The drone and missile strike came a day after coalition-backed government forces launched a large-scale operation against the Houthis in the Nihm region, north of Sanaa.
Fighting in Nihm was ongoing on Sunday, a military source said according to the official Saba news agency.
“Dozens from the (Houthi) militia were killed and injured,” the source added.
Yemeni President Abedrabbo Mansour Hadi denounced the “cowardly and terrorist” attack on the mosque, Saba reported.
“The disgraceful actions of the Houthi militia without a doubt confirm its unwillingness to (achieve) peace, because it knows nothing but death and destruction and is a cheap Iranian tool in the region,” it quoted Hadi as saying.
United Nations envoy Martin Griffiths condemned the aerial attack and what he said was the escalation of military activities in three governorates “where airstrikes, missiles and ground attacks reportedly took place.”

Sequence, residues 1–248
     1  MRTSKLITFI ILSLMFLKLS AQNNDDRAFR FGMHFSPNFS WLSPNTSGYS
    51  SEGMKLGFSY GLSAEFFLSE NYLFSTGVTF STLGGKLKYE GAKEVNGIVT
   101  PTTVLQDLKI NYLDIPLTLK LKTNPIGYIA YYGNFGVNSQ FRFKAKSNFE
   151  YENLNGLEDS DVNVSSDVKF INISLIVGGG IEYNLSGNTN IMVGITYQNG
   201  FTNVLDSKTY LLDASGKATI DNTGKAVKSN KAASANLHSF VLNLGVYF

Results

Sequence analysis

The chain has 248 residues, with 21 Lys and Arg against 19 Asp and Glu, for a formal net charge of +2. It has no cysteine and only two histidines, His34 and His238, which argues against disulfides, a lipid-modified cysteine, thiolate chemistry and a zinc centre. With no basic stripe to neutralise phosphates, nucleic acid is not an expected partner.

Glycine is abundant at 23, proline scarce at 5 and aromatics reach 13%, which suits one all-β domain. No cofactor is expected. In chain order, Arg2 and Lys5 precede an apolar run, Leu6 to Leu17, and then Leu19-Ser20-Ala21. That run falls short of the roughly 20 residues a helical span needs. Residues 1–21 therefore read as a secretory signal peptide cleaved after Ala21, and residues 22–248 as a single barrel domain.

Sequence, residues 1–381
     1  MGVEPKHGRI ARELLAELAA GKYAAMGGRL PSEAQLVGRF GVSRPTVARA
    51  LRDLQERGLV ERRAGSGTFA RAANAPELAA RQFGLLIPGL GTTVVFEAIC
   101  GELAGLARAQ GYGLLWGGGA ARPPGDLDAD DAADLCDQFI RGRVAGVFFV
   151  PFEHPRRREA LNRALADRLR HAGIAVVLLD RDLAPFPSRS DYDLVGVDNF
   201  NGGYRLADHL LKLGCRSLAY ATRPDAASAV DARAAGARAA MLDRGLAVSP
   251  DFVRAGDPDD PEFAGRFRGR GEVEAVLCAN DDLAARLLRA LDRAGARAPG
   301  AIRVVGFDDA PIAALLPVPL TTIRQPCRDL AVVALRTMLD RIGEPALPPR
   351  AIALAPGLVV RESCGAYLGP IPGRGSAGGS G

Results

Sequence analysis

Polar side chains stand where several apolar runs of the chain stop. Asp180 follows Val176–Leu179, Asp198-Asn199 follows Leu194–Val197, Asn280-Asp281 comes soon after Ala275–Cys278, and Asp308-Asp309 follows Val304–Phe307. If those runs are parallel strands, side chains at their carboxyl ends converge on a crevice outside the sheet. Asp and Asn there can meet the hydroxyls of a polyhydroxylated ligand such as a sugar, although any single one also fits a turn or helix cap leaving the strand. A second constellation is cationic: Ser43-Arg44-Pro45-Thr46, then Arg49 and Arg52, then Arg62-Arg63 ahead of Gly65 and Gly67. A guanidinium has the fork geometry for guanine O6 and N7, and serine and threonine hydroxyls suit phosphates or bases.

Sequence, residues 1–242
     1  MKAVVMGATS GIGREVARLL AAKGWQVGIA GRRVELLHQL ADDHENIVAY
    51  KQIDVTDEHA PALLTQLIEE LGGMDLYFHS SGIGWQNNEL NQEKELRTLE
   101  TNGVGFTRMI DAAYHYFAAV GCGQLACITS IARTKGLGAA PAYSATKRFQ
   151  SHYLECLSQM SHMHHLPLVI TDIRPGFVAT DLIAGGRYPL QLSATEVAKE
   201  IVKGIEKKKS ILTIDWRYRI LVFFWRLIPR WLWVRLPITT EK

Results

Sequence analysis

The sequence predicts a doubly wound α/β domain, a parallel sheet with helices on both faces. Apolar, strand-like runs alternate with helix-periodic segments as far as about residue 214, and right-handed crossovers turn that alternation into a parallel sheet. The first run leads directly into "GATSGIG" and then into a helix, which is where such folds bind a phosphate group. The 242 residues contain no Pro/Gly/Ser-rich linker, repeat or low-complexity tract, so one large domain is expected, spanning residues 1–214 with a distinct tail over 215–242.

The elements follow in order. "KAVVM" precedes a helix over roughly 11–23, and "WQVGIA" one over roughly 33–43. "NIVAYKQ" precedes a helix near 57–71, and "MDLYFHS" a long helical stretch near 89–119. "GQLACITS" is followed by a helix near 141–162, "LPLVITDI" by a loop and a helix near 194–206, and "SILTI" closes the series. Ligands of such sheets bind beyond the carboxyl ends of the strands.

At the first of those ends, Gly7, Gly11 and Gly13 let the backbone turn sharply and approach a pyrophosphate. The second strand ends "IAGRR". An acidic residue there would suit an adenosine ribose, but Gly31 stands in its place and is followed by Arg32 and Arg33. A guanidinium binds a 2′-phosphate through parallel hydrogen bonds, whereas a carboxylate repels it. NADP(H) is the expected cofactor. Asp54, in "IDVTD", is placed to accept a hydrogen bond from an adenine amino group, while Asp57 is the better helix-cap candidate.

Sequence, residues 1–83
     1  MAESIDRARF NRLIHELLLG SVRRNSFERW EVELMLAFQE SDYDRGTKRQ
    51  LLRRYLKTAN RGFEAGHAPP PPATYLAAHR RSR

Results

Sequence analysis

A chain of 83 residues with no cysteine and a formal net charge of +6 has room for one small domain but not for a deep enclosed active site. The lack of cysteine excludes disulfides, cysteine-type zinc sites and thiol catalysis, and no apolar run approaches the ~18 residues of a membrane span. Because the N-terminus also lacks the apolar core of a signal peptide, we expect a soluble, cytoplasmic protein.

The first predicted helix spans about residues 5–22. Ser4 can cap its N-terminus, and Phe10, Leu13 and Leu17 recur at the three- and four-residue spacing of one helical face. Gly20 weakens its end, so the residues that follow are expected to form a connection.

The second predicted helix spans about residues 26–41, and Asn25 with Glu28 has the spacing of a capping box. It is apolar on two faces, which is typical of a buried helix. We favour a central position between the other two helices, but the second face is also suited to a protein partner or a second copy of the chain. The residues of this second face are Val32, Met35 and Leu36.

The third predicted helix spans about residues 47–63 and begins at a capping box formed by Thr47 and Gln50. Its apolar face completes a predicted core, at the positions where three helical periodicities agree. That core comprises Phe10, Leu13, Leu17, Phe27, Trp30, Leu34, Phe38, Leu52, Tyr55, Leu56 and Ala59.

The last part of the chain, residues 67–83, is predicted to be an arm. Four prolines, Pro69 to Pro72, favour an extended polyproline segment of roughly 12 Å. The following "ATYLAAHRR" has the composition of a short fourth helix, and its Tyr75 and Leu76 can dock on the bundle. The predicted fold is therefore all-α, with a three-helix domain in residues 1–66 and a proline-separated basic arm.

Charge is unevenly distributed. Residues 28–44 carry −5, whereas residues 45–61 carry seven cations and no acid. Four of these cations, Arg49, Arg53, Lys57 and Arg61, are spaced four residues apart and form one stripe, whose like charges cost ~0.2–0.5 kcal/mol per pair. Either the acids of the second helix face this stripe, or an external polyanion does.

“I have said before that the hard-earned progress that Yemen has made on de-escalation is very fragile. Such actions can derail this progress,” he said in a statement.
“I urge all parties to stop the escalation now and to direct their energy away from the military front and into the politics.”
Just last week Griffiths had welcomed what he described as “one of the quietest periods of this conflict,” in a briefing to the UN Security Council in which he warned the lull could not be sustained without political progress.
A year after Yemen’s warring sides agreed to a UN-brokered truce for the key Red Sea port city of Hodeidah and its surroundings, fighting in the province has subsided, but the slow implementation of the deal has quashed hopes for an end to the conflict.
The landmark agreement signed in Sweden in December 2018 had been hailed as Yemen’s best chance so far to end the fighting that has pushed the country to the brink of famine.
Tens of thousands of people, mostly civilians, have been killed and millions displaced in the war that has ravaged the country, triggering what the UN describes as the world’s worst humanitarian crisis.